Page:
The more warm water in the equatorial East Pacific means more storm production in the North Pacific during winter months (roughly speaking). A weak Kelvin Wave propagated east erupting along the Central American coast late October but did little to replenish the warm water pool only holding it at a steady state. That said, fragments of it are showing up in the Nino1+2 temp analysis, which is actually a bit better than hoped for, but just barely. A second Kelvin wave developed due to a prolonged WWB event in the West Pacific between Sept 2 and Oct 9. That Kelvin Wave has 2-3 deg C warmer than normal subsurface water and is located on the equator at 122W. It's actually racing east. It is expected to reach the Central America coast by December (if not sooner) and will possibly provide a little boost to water temps at that time. At a minimum it should keep things in the normal range.
And what initially appeared to be a strengthening MJO pattern (both Active and Inactive Phases) suggested a return to a neutral ENSO pattern. But that is in doubt now (see above). That said, projections from the CFSv2 model are not supporting any form of El Nino development but rather a return to a neutral state by November or almost a return to La Nina with -0.4 deg C water temps by late January into February, then slowly returning to normal if not slightly warmer by June 2013. But virtually all the other ENSO models predict a slow decline from El Nino threshold temps into Spring 2013, but never dipping into negative territory. The CFSv2 model is a minority opinion, if not a complete outlier. This is a bit better than hoped for and still gives us a glimmer of hope for a normal Winter in terms of storm production. But looking at the atmosphere, there's no overt signs of anything remotely resembling El Nino, and if anything, with a split jetstream pattern developing in the North Pacific, it looks still like some vestiges of La Nina. Regardless, the warm spurt in July 2012 was just a false start.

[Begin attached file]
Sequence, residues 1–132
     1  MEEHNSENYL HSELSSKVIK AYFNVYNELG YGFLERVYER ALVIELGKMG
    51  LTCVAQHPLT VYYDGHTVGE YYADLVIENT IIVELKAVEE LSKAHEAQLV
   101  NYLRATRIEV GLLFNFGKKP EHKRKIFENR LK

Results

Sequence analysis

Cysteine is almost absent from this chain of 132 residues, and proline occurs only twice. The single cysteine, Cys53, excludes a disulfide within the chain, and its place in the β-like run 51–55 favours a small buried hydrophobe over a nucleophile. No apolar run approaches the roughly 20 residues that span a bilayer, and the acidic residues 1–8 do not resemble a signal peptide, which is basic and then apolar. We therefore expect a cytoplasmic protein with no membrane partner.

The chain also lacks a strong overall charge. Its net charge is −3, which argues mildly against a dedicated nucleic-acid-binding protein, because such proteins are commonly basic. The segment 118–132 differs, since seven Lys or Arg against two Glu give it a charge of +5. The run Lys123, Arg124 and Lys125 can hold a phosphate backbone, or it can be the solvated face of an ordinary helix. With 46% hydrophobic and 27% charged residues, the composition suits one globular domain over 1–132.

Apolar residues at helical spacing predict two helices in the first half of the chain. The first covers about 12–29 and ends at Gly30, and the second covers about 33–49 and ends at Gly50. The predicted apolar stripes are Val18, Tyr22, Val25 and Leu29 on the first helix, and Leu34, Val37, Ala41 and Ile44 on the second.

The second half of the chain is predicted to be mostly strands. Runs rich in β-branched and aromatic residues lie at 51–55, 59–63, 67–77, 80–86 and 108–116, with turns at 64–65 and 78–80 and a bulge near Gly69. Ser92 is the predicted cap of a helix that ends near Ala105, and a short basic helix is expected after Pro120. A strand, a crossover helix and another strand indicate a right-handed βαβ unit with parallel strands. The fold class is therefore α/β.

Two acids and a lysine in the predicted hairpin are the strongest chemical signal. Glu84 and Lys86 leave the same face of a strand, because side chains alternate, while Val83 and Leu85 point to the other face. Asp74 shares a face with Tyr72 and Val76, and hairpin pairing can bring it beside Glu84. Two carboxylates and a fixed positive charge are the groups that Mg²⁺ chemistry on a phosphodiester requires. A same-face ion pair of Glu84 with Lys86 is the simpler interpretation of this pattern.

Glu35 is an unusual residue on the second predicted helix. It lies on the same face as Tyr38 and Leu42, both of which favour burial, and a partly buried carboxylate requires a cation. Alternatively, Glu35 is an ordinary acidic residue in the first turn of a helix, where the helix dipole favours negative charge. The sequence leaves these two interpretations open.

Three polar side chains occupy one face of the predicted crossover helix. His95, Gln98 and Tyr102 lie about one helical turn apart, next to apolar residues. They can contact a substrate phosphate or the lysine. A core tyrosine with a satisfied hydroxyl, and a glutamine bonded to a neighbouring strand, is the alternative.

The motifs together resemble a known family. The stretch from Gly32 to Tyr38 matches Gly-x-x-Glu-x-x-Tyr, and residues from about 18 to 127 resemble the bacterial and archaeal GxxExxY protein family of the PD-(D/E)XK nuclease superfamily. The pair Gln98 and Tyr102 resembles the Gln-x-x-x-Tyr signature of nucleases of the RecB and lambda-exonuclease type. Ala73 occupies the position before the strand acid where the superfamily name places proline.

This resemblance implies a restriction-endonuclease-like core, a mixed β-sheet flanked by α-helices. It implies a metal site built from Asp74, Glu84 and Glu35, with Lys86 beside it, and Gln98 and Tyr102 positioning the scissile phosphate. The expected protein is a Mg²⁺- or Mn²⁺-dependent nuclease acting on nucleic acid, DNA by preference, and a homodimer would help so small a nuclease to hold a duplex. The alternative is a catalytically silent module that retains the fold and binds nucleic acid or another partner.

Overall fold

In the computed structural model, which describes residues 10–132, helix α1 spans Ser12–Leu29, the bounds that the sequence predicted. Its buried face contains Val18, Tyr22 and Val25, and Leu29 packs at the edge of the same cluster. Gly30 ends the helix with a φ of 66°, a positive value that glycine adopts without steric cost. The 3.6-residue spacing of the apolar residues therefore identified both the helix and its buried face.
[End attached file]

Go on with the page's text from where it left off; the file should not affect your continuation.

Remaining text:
It appears that neither El Nino or La Nina is imminent. But we are in a far better place than the previous 2 years under the direct influence of La Nina. The expectation is this winter will be followed by at least one year of slightly warmer temps (2013) ultimately converging in a stronger warmer pattern and possible El Nino 2-3 years out (2014 or 2015). And historically, this is the 'normal' pattern (a few years of false starts post La Nina before a legit El Nino forms).
See imagery in the ENSO Powertool and more details in the El Nino Update Finally updated 10/6/12
Beyond 72 hours no swell producing fetch is forecast.
Details to follow...
External Reference Material: El Nino Southern Oscillation (ENSO), Madden Julian Oscillation (MJO), Pacific Decadal Oscillation (PDO), Southern Oscillation Index (SOI), Kelvin Wave
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Chasing The Swell: Sachi Cunningham from the LA Times spent the entirety of last winter chasing surfers and swells around the North Pacific with her high def video cam. Her timing couldn't have been any better with the project exactly coinciding with the strongest El Nino in 12 years resulting in the best big wave season in a decade. And being an accomplished surfer herself helped her to bring a poignant and accurate account of the what it's like to ride big waves and the new (and some not so new) personalities that are revitalizing the sport. This is must-see material for any surfer or weather enthusiast. Check it out here: http://www.latimes.com/news/nationworld/nation/chasingtheswell/
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Surf Height-Swell Height Correlation Table